The world treats farm science the way I treat my clunker of a car: Unless the engine bursts into flames, I ignore it. I only take it into the shop when it dies.

The same thing happens with agriculture. We invest heavily in food when things are so broken that people begin predicting worldwide famine, but we scrimp on routine maintenance.

It’s a dumb way to treat a car, but it’s an utterly irresponsible way to treat agriculture in the age of climate change. A mechanic can fix a car in a couple days. The process of developing a new crop variety and spreading it among farmers takes 10 to 30 years. Thanks to you know what, weather patterns are changing faster than that.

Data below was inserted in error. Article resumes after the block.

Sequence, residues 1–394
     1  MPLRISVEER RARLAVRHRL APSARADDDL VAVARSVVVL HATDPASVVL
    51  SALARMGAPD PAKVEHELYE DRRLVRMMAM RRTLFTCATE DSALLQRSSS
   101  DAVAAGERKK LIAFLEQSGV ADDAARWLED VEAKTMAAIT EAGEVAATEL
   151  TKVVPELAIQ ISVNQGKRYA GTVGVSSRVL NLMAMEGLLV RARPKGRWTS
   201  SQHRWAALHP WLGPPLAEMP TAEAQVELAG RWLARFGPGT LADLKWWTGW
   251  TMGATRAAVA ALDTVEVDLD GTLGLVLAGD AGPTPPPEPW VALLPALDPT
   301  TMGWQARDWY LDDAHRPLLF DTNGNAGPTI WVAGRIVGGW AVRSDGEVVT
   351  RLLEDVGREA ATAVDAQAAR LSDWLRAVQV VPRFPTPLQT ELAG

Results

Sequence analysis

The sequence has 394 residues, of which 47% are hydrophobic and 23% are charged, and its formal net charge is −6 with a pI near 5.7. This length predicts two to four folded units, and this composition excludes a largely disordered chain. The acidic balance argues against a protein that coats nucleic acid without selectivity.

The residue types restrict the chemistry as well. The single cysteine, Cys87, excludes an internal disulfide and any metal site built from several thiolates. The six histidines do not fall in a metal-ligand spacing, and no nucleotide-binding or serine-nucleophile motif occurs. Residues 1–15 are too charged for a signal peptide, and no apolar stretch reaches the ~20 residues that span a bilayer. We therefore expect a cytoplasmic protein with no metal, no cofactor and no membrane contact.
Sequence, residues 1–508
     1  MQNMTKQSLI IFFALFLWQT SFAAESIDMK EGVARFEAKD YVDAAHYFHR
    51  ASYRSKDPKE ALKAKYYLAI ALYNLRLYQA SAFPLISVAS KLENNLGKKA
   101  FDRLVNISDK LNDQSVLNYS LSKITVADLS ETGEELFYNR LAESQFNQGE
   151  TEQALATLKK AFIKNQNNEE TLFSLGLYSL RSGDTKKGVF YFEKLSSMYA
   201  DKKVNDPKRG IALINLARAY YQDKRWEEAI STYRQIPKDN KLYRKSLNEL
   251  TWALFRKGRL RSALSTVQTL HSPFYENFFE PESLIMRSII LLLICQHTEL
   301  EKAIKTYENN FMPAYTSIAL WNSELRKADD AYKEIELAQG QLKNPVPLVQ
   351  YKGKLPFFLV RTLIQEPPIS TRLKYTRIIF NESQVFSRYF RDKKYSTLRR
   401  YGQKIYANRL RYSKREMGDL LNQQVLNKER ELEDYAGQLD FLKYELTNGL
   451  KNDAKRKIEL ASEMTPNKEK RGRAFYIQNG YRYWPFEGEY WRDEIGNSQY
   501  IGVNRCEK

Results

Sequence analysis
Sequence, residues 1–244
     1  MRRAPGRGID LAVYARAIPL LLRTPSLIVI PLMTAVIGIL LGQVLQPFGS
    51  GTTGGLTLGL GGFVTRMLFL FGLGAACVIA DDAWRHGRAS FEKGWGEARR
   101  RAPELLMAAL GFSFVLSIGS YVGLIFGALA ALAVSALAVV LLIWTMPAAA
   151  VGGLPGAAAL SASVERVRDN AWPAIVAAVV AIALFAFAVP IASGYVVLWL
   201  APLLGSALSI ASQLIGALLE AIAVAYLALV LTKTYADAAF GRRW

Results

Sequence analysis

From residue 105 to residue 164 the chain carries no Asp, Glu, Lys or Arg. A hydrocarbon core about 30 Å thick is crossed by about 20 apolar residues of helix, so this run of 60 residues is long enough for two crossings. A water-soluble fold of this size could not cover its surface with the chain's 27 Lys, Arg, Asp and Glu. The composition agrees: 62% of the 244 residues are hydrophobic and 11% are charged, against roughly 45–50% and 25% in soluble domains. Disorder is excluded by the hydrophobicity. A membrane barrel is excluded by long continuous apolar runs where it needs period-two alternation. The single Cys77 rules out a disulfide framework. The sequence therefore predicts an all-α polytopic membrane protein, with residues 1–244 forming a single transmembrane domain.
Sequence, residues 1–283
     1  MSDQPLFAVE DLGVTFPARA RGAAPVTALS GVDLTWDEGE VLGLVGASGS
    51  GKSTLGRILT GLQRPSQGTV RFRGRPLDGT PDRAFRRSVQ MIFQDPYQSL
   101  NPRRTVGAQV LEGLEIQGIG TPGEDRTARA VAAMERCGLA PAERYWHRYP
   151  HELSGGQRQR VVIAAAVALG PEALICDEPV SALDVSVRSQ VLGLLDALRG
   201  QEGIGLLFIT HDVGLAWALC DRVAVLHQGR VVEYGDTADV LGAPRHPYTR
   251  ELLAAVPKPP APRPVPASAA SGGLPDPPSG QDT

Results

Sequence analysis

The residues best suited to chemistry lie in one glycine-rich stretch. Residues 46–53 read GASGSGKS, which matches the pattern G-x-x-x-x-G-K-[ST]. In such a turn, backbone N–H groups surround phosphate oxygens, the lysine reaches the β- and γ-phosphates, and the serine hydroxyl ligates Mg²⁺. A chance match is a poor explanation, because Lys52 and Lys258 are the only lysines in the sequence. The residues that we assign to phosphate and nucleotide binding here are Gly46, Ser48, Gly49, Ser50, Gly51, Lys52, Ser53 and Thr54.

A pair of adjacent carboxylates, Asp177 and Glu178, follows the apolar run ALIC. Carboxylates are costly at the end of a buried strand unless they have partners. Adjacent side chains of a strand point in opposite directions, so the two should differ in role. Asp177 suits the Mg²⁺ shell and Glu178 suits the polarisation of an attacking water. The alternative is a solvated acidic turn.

A new study, led by the University of Leeds, finds that climate change is outpacing the speed at which farmers and researchers are developing crops that can tolerate shifting weather.

Heat waves and droughts threaten to diminish the amount of food farmers can grow. If that happens, farmers will have to plow up forests and savannas, which will lead to even more greenhouse gas emissions.

So, how do we respond? We could speed up the process of adaptation by investing more money in research. The authors of this paper also suggest setting up greenhouses with the temperatures and humidity of a predicted future, then breeding crops to thrive in those conditions.

With this study, these scientists have essentially written “fix me” on agriculture’s dusty back window. Wouldn’t it be nice to tune up farming before it leaves us stranded in the desert?